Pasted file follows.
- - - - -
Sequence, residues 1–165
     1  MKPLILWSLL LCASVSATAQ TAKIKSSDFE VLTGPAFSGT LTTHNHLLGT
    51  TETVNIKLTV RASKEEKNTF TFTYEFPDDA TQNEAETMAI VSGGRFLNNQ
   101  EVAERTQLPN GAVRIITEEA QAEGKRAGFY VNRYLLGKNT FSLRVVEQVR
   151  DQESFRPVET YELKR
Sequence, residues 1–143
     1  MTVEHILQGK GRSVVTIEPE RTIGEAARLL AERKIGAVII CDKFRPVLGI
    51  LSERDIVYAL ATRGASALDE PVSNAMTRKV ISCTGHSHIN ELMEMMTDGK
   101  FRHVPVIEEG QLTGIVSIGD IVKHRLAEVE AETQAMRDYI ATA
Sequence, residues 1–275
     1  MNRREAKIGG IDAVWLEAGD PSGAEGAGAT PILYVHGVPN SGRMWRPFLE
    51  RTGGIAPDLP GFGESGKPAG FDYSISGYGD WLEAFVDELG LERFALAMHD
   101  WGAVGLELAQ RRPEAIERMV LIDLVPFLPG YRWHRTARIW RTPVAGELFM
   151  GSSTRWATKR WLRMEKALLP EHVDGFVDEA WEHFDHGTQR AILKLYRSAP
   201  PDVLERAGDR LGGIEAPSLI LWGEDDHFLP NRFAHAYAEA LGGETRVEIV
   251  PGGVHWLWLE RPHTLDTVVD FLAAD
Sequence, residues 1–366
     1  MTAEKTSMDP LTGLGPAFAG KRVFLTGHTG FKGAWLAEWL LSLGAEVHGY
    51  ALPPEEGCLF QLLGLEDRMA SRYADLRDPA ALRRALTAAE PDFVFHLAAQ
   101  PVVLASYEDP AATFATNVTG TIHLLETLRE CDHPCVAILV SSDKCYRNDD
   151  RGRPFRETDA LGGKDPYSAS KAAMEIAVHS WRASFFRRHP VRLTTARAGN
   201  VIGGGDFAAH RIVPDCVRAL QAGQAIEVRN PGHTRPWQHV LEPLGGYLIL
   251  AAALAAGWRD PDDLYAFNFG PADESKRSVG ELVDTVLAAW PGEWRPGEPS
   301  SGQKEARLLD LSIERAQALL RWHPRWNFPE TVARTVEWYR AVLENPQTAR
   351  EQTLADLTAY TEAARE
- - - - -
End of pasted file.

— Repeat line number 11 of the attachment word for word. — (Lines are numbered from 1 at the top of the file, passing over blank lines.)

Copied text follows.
     1  MNRREAKIGG IDAVWLEAGD PSGAEGAGAT PILYVHGVPN SGRMWRPFLE